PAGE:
|Index||7 reviews in total|
This film makes me laugh out loud every time I watch it.This is the one that
turned me into a life long fan of Andy's work.To imagine a HOLLYWOOD
comic,(even though he didn't see himself that way)would go into wrestling
and take it to a "higher level"
with an element of comedy as the twist,is too unbelievable.
There is also brief clips of Kaufman playing the bongos,and impersonating Tony Clifton,the self absorbed lounge singer. With great comments by Henner and Robin Williams about Andy being so bizarre and taking his wrestling so serious.
It sent me into a frenzy looking for more Kaufman material, I would love to have more of the wrestling footage than is shown on the videotape.
"It was like,Andy was the premise and the entire world was the punchline" -Robin Williams
Andy Kaufman was the funniest man of all time. This film/biopic is just a testament to the fact that Andy Kaufman was the originator and mentor of all the great comedians since the late 70's (Robin Williams, Richard Belser, Jim Carey, and yes probably even Carrot Top). He will go down in history for mastering that rare brand of humor that was infantile yet adult, lowbrow yet refined, utterly disgusting yet beautiful. Everytime anyone reads The Great Gatsby, sees an Elvis impersonator, or professional wrestling he should be thought of.
Viewers unfamiliar with the late Andy Kaufman might appreciate this enlightening glimpse at his unique (if indefinable) comic personality, detailing his exploits as the self-crowned 'inter-gender wrestling champion' of the world. Because any man would no doubt have beaten him to a pulp, Kaufman extended his competitive challenge only to (mostly smaller) women, but what began as an inflammatory prank soon evolved, in the words of Robin Williams, "from comedy to Roman Circus". Of course the real challenge was to audiences wondering if he was serious or not. Kaufman never pretended to be a conventional stand-up comedian so much as a masochistic exhibitionist, who liked to carry his 'act' into the outer limits of entertainment by refusing to admit the joke. And make no mistake, it might have become an obsession but it was, at the same time, a joke: note the ironic repetition of his brag "I'm from Hollywood!" (as if that somehow proved his superiority), and his facetious celebrity habit of suing everyone in sight. If nothing else he proved the truth behind the famous P.T. Barnum maxim: there is indeed a sucker born every minute, at least among wrestling fans in Memphis, Tennessee.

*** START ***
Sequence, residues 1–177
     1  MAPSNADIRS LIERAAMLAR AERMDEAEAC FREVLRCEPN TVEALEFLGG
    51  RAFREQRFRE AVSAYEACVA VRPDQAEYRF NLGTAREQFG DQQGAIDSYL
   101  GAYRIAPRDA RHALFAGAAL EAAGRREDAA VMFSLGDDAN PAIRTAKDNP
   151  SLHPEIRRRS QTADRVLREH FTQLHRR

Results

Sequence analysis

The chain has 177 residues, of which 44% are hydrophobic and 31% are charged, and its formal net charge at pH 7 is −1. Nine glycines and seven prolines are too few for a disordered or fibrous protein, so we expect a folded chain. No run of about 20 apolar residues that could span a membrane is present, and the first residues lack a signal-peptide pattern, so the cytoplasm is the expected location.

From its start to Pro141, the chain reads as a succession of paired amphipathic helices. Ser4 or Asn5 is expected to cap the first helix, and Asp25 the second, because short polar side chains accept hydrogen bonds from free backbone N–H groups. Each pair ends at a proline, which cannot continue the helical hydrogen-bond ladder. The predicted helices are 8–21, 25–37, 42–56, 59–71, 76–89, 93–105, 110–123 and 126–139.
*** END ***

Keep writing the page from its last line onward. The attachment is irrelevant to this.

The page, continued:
I was born too late to witness Andy Kaufman's genius when it was brand new,
but it's still incredibly fresh. The fact that people are still wondering
how serious the wrestling was is a testament to Kaufman's uncanny abilities.
This is the movie that prompted me to start watching "Taxi" reruns on
I'm also looking forward to "Man on the Moon". If Carrey doesn't screw it up, he could be an Oscar contender playing the role of such an interesting character.
Like the previous reviewer, I too laugh out loud every time I see this. I
watched it again today on Comedy Central and laughed continuously.
Kaufman must have been one of the truly funniest, most inventive comics of his day. He operated on so many levels, and satirized the entertainment culture, its idols and himself. Who else could wow an audience with an Elvis routine and then shyly accept their applause with such a silly "Tank you berry much."?
It's a lot of fun to hear Zmuda, Williams and the others describe how Andy played with his audiences, and hooked them in to his premise so cleverly. It must have really been something to watch.
One of the ideas bandied about in this movie is whether Andy was sincere about wrestling, or simply playing his audience for laughs. To hear Williams and Henner discuss it, you would think Kaufman was at least partly sincere.